“A beautiful story about extraordinary children and critical thinking.”

Nova škola in Samobor is a private elementary school with a very nice modern interior and exterior. I’m sure children enjoy spending time there.

I was there to give a lecture on the Universe, stars, atoms, etc… to four little girls from the 1st grade, several older students, parents, grandparents, teachers and my colleague who organized my visit. As it was a very diverse audience, I decided to talk primarily to the little ones. (Although I hope the others found it useful and interesting as well.)

I started the lecture by asking the girls for their names and I made comments about their shirts. One was called Ema, like my daughter, the other one is Emili, one had a picture of Paris on her shirt and one was called Vita. I told Vita how I met a little boy named Vito at a store this morning and how that little guy knew everything about the Universe. He literally left me speechless. Later I found out that his dad loved science and has obviously transferred that passion to his son.

And so, I started talking and Vita started making comments about everything I said. She actually corrected the things I said and, what’s more, everything that she said was true.

By trying to make science more popular and approachable, especially for the little ones, you have to simplify many things. Well, Vita wasn’t buying into that. She really knows her stuff.

For example, at one point I said: ‘Look at the Earth! It is like a perfect smooth sphere!.’

‘It is not a perfect sphere! It’s slightly flattened.’ And she is right. The Earth is really slightly flattened at the poles. It is normal to hear that from an adult, but you just have to be fascinated when you hear it from a child.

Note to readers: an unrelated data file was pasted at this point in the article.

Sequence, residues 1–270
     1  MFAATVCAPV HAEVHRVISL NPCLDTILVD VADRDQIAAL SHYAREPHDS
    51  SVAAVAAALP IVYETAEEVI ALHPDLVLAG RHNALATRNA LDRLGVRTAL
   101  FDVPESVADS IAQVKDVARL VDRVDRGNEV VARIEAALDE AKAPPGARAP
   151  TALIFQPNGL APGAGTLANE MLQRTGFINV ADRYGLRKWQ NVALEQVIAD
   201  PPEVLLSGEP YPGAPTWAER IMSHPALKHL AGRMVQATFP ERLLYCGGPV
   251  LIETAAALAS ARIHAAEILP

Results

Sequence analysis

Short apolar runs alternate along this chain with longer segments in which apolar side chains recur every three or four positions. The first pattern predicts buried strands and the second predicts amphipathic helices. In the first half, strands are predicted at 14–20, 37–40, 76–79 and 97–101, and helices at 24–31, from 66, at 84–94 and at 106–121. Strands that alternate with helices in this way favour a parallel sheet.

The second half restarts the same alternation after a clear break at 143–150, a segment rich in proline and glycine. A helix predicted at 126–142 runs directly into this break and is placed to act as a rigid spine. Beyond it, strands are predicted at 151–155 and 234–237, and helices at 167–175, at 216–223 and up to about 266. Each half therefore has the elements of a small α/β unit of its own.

Vita continued to correct me all the way through my lecture and the rest of us were laughing like crazy. She was funny, direct, and serious at certain points. She also came up with a couple of jokes. (I think that coming up with a joke and using irony are signs of high intelligence in a child.)

The best part was the end of my lecture. I usually tell children how everything around us is made up of atoms. Everything! I show them a wall and I ask them: ‘What is this wall made up of?’ They usually say: ‘Of atoms.’ I ask the same question about a ceiling, floor, curtains, a computer … and at the end about us humans. And the answer is always the same: ‘We are made of atoms.’

Then I tell them that those atoms come from the stars we’ve met in the first part of the lecture. The conclusion: If we are made up of atoms, and if those atoms come from stars, then we are all stars. I then tell them to go home and say to their parents: ‘I’m a star.’ The parents will then ask them: ‘How can you be a star?’ And then they will say: ‘I’m made up of atoms and atoms come from the stars. That’s why I’m a star too! And I want to be treated as one!’

At the end of our time together Vita asked me what electricity is made of. My answer is: ‘Electricity is actually the movement of electrons.’ To which she says: ‘You see! Not EVERYTHING is made of atoms!’,and we all burst into laughter.

Vita’s mum, grandma and grandpa were also in the audience. I congratulated them on such a fascinating little girl, one of the most intelligent children I have ever met. She really is terrific – funny, playful, intelligent and happy.

My point here is this: Teach children to be critical thinkers. Let them question everything. Don’t let them take anything for granted. Teach them to substantiate their ideas. You will certainly find that difficult because you will also have to substantiate your own ideas and things that you demand from them. But it’s OK, life is not supposed to be easy.:)“

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